سه شنبه 12 مهر 1390 11:31 ق.ظ
The Tracheophytes: Vascular Plants In the bryophytes, the haploid gametophyte is the conspicuous, long-lived generation, and the diploid sporophyte is attached to the maternal gametophyte for its entire, relatively short lifespan.
In Tracheophytes, the opposite is true. The gametophyte is short-lived and may be either free-living (the more primitive condition) or attached to the parent sporophyte for its entire, short lifespan. Most of the plants you see in your day-to-day travels are the sporophytes of vascular plants.
Tracheophytes have several evolutionary advances that made them better suited for a fully terrestrial existence than are the Bryophytes.
- xylem and phloem
- lignin (not only structural in and of itself, but allows greater turgor pressure)
- thick waxy cuticle
- fully functional stomates (open and close with turgor pressure)
- profuse branching via apical meristems
- increased young tissues for photosynthesis
- increased areas for sporangia (as opposed to only one sporangium per sporophyte in the Bryophytes)
- highly differentiated plant tissues and organs
The earliest vascular sporophytes were plants consisting only of stems, lacking leaves or roots. They were dichotomously branched, and relatively undifferentiated.
Later, the root system and shoot system evolved, making the plant body parts more versatile, and allowing a division of labor.
Recall the general types of tissue and their functions:
...as well as the difference between primary growth and secondary growth.
Both tracheids and vessel elements are known as tracheary elements, although the two types of cells evidently evolved independently. (Any morphological similarity is due to convergence.)
The earliest vascular plants were little more than an elongate axis with a core of vascular tissue. This axis can be considered the primordialstem, from which the other plant organs evolved.
One can see the progression of complexity in the plant axis reflected in the arrangement of vascular tissues in the cross section of the stem (and now, in the root). The central core of vascular tissue in the plant root or stem is known as the stele, and there are several different types that can be identified by their morphology in cross section.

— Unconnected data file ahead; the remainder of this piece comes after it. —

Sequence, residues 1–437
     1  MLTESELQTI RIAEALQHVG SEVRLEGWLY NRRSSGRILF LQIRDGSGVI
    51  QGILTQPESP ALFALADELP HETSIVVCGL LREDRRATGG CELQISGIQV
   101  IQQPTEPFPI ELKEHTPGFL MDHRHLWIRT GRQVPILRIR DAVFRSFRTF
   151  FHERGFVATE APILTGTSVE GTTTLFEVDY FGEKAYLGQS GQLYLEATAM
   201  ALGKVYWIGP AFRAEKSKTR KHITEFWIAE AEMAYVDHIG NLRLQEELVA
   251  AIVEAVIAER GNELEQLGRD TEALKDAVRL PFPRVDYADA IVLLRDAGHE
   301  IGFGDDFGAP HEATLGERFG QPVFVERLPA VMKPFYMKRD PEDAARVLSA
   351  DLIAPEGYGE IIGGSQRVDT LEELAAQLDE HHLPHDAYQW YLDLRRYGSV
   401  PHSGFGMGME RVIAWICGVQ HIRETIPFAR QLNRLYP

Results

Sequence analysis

- haplostele - found in most roots, this is a solid core of xylem surrounded by phloem. It is the most primitive type of protostele.
- actinostele - named for its shape (from the Greek actinos, meaning "ray"), this one is rare. The whisk fern, Psilotum is one extant plant having an actinostele. (You'll meet Psilotum shortly.)
- plectostele - interconnected regions of xylem are collectively surrounded by a mass of phloem. Club mosses (Lycopodiopsida) often exhibit this type of stele arrangement.
- solenostele - the most primitive type of siphonostele, this is a pith surrounded by xylem and phloem. Some primitive ferns show this type of arrangement.
- dictyostele - similar to the solenostele, but with multiple gaps in the xylem/phloem ring surrounding the pith where numerous leaf gaps occur. Found only in ferns.
- eustele - The rings of xylem and phloem are now arranged in bundles, forming a circle around the central pith. This is the most common type of stele in seed plant stems.
Roots evolved from the underground portions of the plant, but retained many primitive characteristics. For example, all roots except those of monocots retain the haplostele configuration.